But I’m no archaeologist. I can’t recognize an illicit whisky operation from any other truck stuck in the woods or collection of pipes and barrel ribs that could just be for water for all my suburban mind knows. And I certainly can’t sort everything out by when it was from.

Given, I even confused a coke oven for a mine entrance in the book, and that was involving the legal coal industry, I can’t think of how bad I’d bee at identifying illegal stuff.

Mariah Prescott a trail builder for the recently opened Richie Hollow Trail recently told The Chattanooga Times Free Press about her wish for signs to highlight some of Prentice Cooper State Forest’s moonshine ruins.

Is it at all worthwhile to remember mere profit-seeking criminals? Especially when there is still an unpopular war on drugs, just different drugs?

I think so. If we can get past marketing gimmicks, silly caricatures and the like and dive into actual history, we’ll have a fuller picture of the past, the present and the future. History isn’t just about battles. Sometimes it’s about booze.

Autumn in the Smokies


Fall colors on Alum Cave Trail
Fall colors on Alum Cave Trail.

My last trip to the Great Smoky Mountains was with a friend who rarely got to see the mountains or even clean wild streams. To her everything was like being on the moon would be for me: new but wondrous.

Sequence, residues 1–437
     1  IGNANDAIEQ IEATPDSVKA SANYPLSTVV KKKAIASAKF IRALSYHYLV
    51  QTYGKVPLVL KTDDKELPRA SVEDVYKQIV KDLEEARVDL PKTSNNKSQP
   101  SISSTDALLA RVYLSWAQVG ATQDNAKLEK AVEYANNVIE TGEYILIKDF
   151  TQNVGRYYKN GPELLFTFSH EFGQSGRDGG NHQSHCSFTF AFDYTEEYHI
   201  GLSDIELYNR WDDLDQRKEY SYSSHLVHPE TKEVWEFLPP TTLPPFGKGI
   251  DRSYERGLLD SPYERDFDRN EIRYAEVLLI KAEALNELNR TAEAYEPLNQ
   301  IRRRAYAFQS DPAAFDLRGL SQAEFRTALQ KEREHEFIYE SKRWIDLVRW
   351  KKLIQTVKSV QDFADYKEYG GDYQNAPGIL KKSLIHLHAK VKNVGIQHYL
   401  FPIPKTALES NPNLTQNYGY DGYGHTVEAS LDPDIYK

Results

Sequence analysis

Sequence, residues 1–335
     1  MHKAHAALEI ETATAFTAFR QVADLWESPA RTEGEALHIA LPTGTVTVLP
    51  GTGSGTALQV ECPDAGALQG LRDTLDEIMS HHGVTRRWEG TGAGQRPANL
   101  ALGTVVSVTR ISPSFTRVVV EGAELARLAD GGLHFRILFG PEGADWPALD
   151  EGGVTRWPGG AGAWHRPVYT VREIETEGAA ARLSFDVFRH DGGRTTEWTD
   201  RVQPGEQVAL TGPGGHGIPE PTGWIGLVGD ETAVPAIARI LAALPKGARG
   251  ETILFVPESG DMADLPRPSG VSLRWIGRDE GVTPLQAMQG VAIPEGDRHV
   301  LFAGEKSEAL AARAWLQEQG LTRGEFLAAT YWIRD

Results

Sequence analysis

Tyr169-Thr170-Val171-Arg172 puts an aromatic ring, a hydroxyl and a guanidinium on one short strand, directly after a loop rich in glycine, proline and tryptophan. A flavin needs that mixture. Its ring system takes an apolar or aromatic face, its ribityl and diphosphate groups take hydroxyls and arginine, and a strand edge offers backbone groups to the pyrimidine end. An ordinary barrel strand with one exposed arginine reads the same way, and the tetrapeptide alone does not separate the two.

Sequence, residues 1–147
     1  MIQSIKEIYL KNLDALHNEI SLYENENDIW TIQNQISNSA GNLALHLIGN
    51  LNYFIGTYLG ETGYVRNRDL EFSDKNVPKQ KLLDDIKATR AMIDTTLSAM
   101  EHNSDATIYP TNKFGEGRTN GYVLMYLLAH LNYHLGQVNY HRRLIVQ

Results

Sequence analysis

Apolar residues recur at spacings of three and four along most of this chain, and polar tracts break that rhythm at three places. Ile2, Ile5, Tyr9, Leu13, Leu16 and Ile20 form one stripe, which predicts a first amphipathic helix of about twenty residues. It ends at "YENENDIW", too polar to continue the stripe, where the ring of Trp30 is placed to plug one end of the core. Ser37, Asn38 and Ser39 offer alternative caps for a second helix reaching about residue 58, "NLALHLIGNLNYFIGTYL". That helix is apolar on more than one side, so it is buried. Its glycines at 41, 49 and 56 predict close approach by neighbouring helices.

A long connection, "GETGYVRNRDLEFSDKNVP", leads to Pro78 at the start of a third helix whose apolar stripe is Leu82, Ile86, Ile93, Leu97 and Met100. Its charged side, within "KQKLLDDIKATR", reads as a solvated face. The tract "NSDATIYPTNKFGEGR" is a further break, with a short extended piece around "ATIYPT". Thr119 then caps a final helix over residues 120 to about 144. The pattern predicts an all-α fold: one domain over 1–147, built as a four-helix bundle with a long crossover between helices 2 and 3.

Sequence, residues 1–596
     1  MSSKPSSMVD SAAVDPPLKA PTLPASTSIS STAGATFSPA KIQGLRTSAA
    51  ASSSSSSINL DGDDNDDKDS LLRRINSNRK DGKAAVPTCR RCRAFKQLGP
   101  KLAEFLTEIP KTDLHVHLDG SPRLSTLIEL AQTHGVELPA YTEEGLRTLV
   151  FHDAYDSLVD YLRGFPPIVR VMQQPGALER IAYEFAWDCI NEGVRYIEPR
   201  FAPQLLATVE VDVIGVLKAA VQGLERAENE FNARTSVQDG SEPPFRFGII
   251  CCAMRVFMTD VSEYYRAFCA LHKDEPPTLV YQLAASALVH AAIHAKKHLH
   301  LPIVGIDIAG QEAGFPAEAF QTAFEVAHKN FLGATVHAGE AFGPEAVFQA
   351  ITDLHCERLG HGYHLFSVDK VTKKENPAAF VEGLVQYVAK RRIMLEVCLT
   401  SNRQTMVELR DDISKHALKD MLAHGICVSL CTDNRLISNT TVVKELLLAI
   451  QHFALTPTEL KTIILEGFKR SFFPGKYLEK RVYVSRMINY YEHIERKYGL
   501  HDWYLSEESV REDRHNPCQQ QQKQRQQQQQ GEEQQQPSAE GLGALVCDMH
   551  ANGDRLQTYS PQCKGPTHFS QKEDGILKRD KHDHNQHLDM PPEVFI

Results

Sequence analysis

I have seen plenty of mountain streams before. But there was one thing that made this trip special: the beginning of autumn or fall as we in the U.S.A. call it. The leaves had just begun to change at a certain elevation, like here on the Alum Cave Trail, not far from parking. We hadn’t intended to get off here and wouldn’t have except for the restrooms nearby. Our goal was Newfound Gap and Clingman’s Dome. But this mountain stream beneath changing leaves was a highlight for her and for me. Enjoy it for yourself.

Stinging Fork Falls and new Cumberland Trail


Tucked away on a road closed to through traffic, the route to Stinging Fork Falls is probably quiet most of the time.

Not this time, however. Today, thanks to a ribbon cutting and the anniversary of the Wild and Scenic Rivers Act, the parking lot was full and I saw many people coming back as I hiked forward.

I recommend the hike to the falls as a fairly short walk with excellent payoff after rain. Granted recent rain also made the trail’s rocks slippery, and the descent is somewhat steep.

The trail continues along Soak Creek in the other direction eventually rising back up. As it’s a new part of the Cumberland Trail, it’s marked by ribbons not blazes but the trail already has stone steps laid down by volunteers. The recent rain meant occasionally crossing cascades and at one point, I even saw a salamander run from underneath a rock.

I did not reach the end of this new Cumberland Trail section. It was built too recently to include in my book Wildly Strolling Along, which I promoted shamelessly to everyone who walked by. Still, I plan to return.

The entrance is on Shut in Gap Road near Spring City.

This page from the Cumberland Trail Conference is outdated, but it shows the trail head and the route to the falls. The new trail heads to the right along Soak Creek while the falls route as shown here is to the left.